Wichita—Joel McCrea, Vera Miles, Lloyd Bridges, Wallace Ford, Edgar Buchanan, Peter Graves, Keith Larsen Robert Wilke, Jack Elam, Walter Coy, Mae Clarke (1955; Dir: Jacques Tourneur)
Director Jacques Tourneur is best remembered today for such 1940s fare as Cat People, I Walked with a Zombie (starring Frances Dee, Joel McCrea’s real life wife) and one of the very best films noirs, Out of the Past (1947), with Robert Mitchum, Kirk Douglas and Jane Greer. In the 1950s he made several westerns with Joel McCrea, of which the best is probably Stars in My Crown. Wichita is one of those Tourneur-McCrea collaborations, a supposed retelling of the early pre-Dodge City part of Wyatt Earp’s career as a lawman.
The railroad has just been brought to Wichita, Kansas, by Sam McCoy (Walter Coy). It’s starting to attract more cattle herds and those in search of new business opportunities, like young Wyatt Earp (played by not-so-young Joel McCrea). He camps overnight with one of those herds, and two of their cowboys, the Clements brothers (one played by Lloyd Bridges), try unsuccessfully to rob him while he sleeps. Foiling that, he moves on to the town, where he meets the local newspaper editor Arthur Whiteside (played as a typical heavy-drinking western newspaperman by Wallace Ford) and his young assistant Bat Masterson (Keith Larsen). His first action in town is to break up a bank robbery, getting him lots of attention from the law-and-order part of the citizenry.
When wild cowboys shoot up the town and kill a young boy, Wyatt accepts the marshal’s badge and starts to clean things up. Not everybody is happy with that, including Sam McCoy, who’d like to see the town a little more open to promote business. McCoy’s daughter Laurie (Vera Miles) is romantically interested in Wyatt, though. Wyatt bans the wearing of guns in town. Doc Black (Edgar Buchanan), the most corrupt of the town fathers, tries to hire a couple of slick-looking newcomers to kill Earp, but they turn out to be his brothers Morgan (Peter Graves) and James (John Smith). When Wyatt runs Doc out of town, he seeks out the Clements brothers and engineers an attack on Wyatt as he leaves the McCoy house. Instead of Wyatt, they kill McCoy’s wife Mary (Mae Clarke). Giving chase, the Earp brothers kill one and capture another.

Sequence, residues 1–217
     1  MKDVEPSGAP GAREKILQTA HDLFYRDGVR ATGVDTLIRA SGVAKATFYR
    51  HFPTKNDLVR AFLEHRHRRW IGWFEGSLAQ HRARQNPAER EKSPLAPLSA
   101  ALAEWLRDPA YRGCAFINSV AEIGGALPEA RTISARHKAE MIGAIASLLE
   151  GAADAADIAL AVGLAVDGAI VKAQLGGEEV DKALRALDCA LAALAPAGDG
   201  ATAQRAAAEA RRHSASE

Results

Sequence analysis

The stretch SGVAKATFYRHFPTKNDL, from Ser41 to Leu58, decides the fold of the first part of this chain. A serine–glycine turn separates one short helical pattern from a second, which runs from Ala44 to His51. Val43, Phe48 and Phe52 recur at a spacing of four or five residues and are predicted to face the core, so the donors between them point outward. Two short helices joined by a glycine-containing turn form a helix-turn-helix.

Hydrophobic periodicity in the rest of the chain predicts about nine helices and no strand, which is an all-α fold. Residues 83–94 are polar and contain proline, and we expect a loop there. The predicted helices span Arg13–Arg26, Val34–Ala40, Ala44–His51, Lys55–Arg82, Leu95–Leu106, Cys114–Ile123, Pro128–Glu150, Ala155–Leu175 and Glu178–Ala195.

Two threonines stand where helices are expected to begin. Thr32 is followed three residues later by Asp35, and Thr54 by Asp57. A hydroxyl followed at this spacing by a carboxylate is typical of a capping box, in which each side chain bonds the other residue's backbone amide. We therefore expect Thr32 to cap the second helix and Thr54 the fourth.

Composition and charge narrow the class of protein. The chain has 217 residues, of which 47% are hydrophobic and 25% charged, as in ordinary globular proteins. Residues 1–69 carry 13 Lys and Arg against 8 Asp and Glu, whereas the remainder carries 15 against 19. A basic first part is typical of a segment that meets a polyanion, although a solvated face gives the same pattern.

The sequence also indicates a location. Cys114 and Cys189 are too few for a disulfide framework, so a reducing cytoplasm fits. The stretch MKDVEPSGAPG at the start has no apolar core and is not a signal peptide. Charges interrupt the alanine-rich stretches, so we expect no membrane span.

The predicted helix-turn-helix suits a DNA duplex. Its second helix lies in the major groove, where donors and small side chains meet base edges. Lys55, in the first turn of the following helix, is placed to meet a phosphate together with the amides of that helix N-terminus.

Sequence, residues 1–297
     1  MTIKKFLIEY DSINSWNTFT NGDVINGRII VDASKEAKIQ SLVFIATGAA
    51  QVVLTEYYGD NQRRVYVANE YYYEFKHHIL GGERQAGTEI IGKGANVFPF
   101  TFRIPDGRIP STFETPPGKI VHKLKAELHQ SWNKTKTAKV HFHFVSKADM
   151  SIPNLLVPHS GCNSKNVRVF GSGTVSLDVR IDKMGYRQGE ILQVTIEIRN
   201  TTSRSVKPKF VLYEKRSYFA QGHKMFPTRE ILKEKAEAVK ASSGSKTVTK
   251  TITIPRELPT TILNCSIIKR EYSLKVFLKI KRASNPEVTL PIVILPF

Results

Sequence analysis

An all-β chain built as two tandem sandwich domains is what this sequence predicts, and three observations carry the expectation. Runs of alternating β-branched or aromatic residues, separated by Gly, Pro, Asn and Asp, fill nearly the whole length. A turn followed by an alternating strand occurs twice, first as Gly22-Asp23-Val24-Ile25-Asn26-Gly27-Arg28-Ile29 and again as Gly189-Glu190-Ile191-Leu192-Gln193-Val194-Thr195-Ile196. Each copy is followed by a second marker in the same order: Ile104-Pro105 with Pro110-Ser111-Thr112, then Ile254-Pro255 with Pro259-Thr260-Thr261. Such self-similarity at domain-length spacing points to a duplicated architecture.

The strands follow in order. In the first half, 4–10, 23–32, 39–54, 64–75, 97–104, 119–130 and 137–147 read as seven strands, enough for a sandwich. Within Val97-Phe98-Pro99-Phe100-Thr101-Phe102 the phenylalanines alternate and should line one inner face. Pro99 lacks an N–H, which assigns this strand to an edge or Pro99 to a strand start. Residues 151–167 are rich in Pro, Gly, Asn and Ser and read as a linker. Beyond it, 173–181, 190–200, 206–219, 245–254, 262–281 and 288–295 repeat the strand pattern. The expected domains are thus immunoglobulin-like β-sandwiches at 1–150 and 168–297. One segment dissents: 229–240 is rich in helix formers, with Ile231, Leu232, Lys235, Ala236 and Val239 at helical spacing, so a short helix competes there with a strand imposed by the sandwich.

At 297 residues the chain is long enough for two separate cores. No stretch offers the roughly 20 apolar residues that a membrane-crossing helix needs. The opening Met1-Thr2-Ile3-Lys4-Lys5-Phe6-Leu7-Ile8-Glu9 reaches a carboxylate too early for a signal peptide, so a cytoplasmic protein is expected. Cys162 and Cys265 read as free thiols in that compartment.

As gunman Ben Thompson (Robert Wilke) and the rest of the cowboys are about to try to get Wyatt, they reconsider as Doc Black’s role in the killings and trying to take down Wyatt is revealed. Presumably Wyatt and Laurie can now get together, although of course that didn’t happen in real life.
In general, this is a pretty typical town-taming story. Joel McCrea can play Wyatt Earp’s stern rectitude easily, but at 50 he’s too old for a young Wyatt, and too old for the lovely 27-year-old Vera Miles, who is fine but not very central to the story here. Wallace Ford is also fine as hard-drinking newspaperman Arthur Whiteside, but we’ve seen this character before—notably Edmund O’Brien in The Man Who Shot Liberty Valance (also with Vera Miles, this time romanced by the too-old James Stewart and the too-old John Wayne), and even Thomas Mitchell’s Doc Boone in Stagecoach. Edgar Buchanan does well as a villain, as he did in Texas (1941), with Glenn Ford and William Holden. Robert Wilke and Jack Elam appear as bad guys, and the rest of the supporting cast is good. You might even see future director Sam Peckinpah in an uncredited appearance as a bank teller.
So how do these goings-on relate to the actual Wyatt Earp and Bat Masterson? In real life, Wyatt Earp’s first law enforcement job was for a year in Wichita in the late 1870s, where he was deputy sheriff, not the main man. He was 28 at the time. Although Bat Masterson finished his career as a New York sportswriter, at this early stage he’d met Wyatt Earp when they were both hunting buffalo. Wyatt didn’t take up any long-term romantic relationships in Wichita. His brother James never did much in the law enforcement business, unlike Morgan and especially Virgil. All in all, this isn’t very accurate historically.
But it is worth watching, if not the most memorable of Joel McCrea’s westerns. McCrea was a good actor, and in the late 1930s and early 1940s was a bigger star than John Wayne. Like Gary Cooper, even if he’s too old for the role, he’s watchable. This movie makes him the only star to play both Wyatt Earp and Bat Masterson (The Gunfight at Dodge City, 1959).
The title song, sung by Tex Ritter, is forgettable. Shot in color, at 81 minutes.